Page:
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  • What is the proper way to spell Mich(a)elangelo's name?
    • Michelangelo. The Turtles are named after Italian Renaissance Artists, and Mikey was named after Michelangelo Buonarroti. Michaelangelo is however a common spelling error.
      • Though he was named after the artist, "Michaelangelo" was the canonical spelling for the turtle for a long time. Apparently they started using the "Michelangelo" spelling regularly in 2001.
      • It was only spelled like that until Eastman and Laird did their research


  • The Turtles are shown driving various tricked-out vehicles, but never draw the attention of the NYPD? Come to think of it, aren't they breaking the code of conduct for Lawful Good (or Chaotic Good for Mikey and Raph) by driving without a license? Yeah, MST3K Mantra, but it's just something I wondered about.
    • So they're not Chaotic or Lawful Good; that would be a good thing. Why should they obey the laws of a completely different species and a nation they are not registered citizens of?
    • What cop wants to put the smack down on the weirdos in green costumes who keep saving the city?
    • What's funny is in the 80's cartoon, no one's ever on the street when the turtles are speeding in the Turtle Mobile. You don't have to be from New York to realize that makes no sense.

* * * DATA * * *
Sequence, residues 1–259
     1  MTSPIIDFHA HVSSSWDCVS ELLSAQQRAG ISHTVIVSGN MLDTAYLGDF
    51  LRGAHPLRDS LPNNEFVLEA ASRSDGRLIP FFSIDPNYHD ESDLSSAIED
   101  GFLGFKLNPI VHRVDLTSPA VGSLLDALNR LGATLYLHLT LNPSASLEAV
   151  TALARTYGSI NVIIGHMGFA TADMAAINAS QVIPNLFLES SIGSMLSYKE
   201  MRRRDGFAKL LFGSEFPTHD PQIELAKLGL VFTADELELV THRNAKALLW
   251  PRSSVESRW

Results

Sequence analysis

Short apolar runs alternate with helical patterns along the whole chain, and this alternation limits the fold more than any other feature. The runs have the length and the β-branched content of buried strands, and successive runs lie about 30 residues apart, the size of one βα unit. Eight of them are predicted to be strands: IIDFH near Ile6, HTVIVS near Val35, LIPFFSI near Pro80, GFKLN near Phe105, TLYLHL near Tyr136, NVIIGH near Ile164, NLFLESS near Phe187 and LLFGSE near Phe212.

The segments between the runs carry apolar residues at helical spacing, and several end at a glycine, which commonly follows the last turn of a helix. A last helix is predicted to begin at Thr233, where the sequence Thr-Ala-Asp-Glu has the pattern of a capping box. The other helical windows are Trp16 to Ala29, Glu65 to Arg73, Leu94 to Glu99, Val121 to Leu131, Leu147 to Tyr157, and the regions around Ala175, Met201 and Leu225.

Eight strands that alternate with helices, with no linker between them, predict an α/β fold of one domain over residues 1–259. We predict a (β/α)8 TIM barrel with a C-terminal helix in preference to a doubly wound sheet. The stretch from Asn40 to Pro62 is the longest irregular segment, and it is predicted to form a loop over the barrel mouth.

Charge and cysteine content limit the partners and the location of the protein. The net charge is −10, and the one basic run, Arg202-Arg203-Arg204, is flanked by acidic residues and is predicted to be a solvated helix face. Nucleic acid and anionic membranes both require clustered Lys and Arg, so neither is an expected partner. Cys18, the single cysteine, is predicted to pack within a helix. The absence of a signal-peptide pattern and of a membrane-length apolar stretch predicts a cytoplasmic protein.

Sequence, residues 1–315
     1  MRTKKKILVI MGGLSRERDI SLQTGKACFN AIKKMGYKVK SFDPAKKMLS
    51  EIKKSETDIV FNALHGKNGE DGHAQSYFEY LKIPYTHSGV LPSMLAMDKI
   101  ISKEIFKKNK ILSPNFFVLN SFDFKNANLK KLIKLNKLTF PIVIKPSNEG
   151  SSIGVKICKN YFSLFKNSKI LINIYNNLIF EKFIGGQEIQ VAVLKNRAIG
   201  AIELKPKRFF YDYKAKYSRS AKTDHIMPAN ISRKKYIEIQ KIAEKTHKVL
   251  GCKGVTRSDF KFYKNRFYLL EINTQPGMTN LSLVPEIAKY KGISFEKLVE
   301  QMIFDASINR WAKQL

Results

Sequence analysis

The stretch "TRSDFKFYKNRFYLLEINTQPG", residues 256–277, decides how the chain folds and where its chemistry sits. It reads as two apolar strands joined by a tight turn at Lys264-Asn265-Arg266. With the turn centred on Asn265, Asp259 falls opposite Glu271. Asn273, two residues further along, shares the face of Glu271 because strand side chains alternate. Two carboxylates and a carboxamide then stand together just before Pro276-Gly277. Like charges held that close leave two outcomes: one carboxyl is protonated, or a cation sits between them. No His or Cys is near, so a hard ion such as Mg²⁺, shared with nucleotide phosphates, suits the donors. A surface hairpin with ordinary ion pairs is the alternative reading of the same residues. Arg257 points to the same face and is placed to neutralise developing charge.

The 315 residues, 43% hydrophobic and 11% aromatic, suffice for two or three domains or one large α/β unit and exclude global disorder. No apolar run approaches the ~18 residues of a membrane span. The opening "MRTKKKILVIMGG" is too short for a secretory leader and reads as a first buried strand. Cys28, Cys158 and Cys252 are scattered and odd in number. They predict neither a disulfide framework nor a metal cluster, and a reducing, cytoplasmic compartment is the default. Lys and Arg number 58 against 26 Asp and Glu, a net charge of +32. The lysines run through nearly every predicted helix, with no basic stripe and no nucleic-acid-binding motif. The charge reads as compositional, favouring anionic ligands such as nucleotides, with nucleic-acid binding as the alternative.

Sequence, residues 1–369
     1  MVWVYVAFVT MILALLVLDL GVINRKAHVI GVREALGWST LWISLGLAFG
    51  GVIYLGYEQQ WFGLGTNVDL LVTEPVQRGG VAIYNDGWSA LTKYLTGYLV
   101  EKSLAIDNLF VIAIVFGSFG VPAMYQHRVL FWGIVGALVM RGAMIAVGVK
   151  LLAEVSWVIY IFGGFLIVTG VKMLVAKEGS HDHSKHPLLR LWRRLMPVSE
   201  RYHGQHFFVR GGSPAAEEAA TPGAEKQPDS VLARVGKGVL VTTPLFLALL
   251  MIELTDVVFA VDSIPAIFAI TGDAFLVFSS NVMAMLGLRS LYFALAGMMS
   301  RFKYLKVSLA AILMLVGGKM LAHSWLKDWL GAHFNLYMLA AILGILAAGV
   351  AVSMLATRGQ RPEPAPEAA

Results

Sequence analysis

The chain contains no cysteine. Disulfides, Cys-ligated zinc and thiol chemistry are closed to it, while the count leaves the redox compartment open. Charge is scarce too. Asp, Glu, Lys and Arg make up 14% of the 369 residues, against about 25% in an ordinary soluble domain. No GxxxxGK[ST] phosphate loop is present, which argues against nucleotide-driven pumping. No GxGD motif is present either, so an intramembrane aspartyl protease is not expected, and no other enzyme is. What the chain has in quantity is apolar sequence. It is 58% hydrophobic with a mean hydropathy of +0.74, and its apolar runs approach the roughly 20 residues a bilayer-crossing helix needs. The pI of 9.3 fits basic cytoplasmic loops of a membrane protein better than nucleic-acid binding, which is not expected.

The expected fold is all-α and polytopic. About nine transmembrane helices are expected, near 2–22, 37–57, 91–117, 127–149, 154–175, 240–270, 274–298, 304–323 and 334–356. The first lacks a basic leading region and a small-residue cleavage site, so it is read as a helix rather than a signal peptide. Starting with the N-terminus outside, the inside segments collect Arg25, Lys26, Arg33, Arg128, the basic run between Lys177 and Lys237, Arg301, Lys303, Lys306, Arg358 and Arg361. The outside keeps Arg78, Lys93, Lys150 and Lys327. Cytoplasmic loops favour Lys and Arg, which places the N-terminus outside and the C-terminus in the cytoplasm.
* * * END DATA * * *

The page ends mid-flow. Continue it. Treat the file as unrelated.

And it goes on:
• But it sure saves a hell of a lot on the animation budget!
    • Remember, alignments aren't rigid codes that force you to act a certain way. While driving without a license may very well be unethical on some level, depending on interpretation, they may either feel that the benefit outweighs the law at the moment (save the world or spend the last day on earth getting your license) or they may indeed feel poorly about it and simply accept that they need to doing a bad thing. And, just because you're one alignment most of the time, does not mean you are that all the time. And it is not out of the realm of possibility that someone may disagree with a law and disobey in a lawful manner.
      • Hm. I must have missed the episode where the Turtles explained they became DnD style Paladins and had to adhere to a strict Lawful Good code in order to keep their ninja abilities.
        Oh, that's right, I forgot that Character Alignment only applies at all in settings that explicitly use it, and not every fictional character in the history of cartoons has to adhere to some arbitrary two-word summary of said alignment.